E. Seasonality of cruise activities
Despite the remarkable growth of cruise activities, the seasonality of many cruise itineraries implies that an array of cruise ports are used during a peak season but may receive limited, if any, cruise ship calls outside the main season. A 40 weeks cruise season is considered by many as the maximum duration per year, but is uncommon. One of the implications is that cruise terminals remain unused for a lengthy period. Those responsible for developing cruise ports might also be more skeptical about allocating more port areas to cruising. The reason is that this is an activity marked by seasonality when other factors, such as the port land scarcity, and the request for more space by cargo port activities, add pressures to devote available port land to cargo. Societal pressures for year-round utilization, so that the port-city and related destinations that enjoy cruise tourism benefits, put pressure on ports to develop conditions for expanding the cruise season.
Cruise lines set itineraries to maximize customer satisfaction (and revenues) but must consider the seasonality of the demand. The planning of vessel deployment targets maximum capacity utilization in combination with the maximization of earnings per passengers and minimizing expenses (mostly via lower fuel consumption). Seasonality is a fundamental market characteristic, and implies imply that ports host cruise vessel calls deployed as part of three different types of itineraries:
- Perennial, responding to a region that is served throughout the year due to the resilient demand (with high/low periods) and stable weather conditions; the Caribbean and, to a lesser extent, the Mediterranean and its adjoining seas, are such markets. Perennial markets can have a seasonality implying that although they are serviced throughout the year, there are periods of lower demand.
- Seasonal, to serve periodical market potential in periods with good weather conditions; with the Baltic, Norway, Alaska, and New England standing as typical examples. Ideally, cruise lines would prefer to service only perennial markets since this would represent a close to optimal use of ship assets. However, like the tourism industry in general, seasonality is an important component of the demand for cruises meaning that some markets are serviced for a few months, mainly during the summer.
- Repositioning, between perennial or seasonal markets, a practice evident between the Caribbean and Mediterranean, and Alaska and Hawaii, though following the globalization of the market in recent times this has expanded to additional markets (i.e., the Mediterranean and the Indian Ocean).
The repositioning strategies of cruise lines involve cruise itinerary scheduling based on the coupling of cruise markets and deploying a cruise vessel in both markets for specific periods. This coupling is based on the proximity of markets, cost issues, and the sourcing of passenger patterns. For instance, North Asia and South East Asia are two such markets, with their coupling based on the same sourcing of passengers, the demand for the same product, warm alternative weather, and low-cost repositioning. The coupling of North Asia and Australia provides a warm alternative, robust yields, and low-cost repositioning. An Australia/Pacific-Alaska coupling is justified on grounds of the same sourcing of passengers, the same product offered in both markets, and warm alternative weather for cruise passengers at different times of the year. Finally, the coupling of the Mediterranean market and the North America/Caribbean markets is based on the same sourcing of passengers, the offering of the same product, the warm alternative, and the low-cost repositioning of the vessels. For cruise ports, this coupling of markets implies cruise calls by deployed ships and cruise passenger hosting in parts of the year only.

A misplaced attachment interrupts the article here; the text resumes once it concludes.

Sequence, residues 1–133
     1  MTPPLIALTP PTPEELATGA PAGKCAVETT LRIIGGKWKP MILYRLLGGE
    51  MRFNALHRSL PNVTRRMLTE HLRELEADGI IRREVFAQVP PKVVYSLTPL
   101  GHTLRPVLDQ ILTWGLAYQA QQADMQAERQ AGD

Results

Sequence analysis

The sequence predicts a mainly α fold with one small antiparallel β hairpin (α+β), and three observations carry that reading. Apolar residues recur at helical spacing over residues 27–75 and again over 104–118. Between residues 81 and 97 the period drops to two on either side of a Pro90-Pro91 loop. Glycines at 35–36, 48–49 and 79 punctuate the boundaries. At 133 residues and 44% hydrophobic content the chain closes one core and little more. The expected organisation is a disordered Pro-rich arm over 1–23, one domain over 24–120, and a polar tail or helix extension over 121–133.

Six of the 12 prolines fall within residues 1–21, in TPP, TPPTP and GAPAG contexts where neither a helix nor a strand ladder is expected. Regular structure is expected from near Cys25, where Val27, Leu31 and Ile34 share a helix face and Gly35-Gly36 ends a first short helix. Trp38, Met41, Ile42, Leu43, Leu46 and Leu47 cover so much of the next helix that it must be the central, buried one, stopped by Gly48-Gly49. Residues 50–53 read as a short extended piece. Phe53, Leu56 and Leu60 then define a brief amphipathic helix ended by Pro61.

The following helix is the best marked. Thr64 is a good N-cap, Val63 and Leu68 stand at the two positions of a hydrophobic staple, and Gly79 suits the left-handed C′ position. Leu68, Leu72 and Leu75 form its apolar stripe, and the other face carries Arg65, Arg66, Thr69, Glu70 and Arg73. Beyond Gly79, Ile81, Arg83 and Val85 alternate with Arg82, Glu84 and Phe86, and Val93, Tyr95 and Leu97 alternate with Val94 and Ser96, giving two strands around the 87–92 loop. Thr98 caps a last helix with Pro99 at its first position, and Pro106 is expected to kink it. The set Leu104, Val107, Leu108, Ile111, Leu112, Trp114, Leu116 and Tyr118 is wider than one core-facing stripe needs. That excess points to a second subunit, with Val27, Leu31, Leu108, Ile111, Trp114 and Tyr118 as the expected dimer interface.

Some cruise regions are less affected by seasonality, with the Caribbean one of the few perennial markets. The number of monthly passengers is relatively stable throughout the year in markets serviced by North American ports with passengers totaling between 800,000 and one million per month, with a December/January peak season. However, a closer look reveals specific seasonality patterns. The Caribbean market and its sub-regions dominate to account for more than 90% of the passengers during the high winter season and around 55% of the passengers during the low summer season. The seasonality of Alaska, Bermuda, and Canada/New England is also evident, with cruise lines attempting to optimize the utilization of their assets year-round by repositioning to take advantage of seasonality. An unexpected pattern is a lack of seasonality for the Bahamas, mainly the outcome of the leading cruise lines building private ports reserved for their exclusive use.
Seasonality does not restrict the development of a cruise region, such as for the Mediterranean and its adjoining seas, a most dynamic cruise region. Between May and October, each month accounted for 10%-12% of the traffic. In total, 75% of the cruise passenger movements that occur annually in this cruise region happen during these six months. The total passenger movements registered during the three winter months (December, January, February) stand at only 7% of the total annual movements. This has incited discussions on achieving year-round but with limited outcomes. Winter activities are linked with single-call operations of a different size than in the rest of the year. In the Mediterranean, fewer than 850 calls out of an annual total exceeding 12,500 happen from December to February. However, for these months, each call is associated, on average, with more passengers. January is the month with the highest rate of passengers per call (2,314 passengers), followed by February (2,153 passengers) and December (2,095 passengers). Cruise lines develop fewer itineraries, as repositioning vessels take place, with cruises marked by a substantially higher level of utilization. From a port and destination perspective, respective adjustments of operations are essential.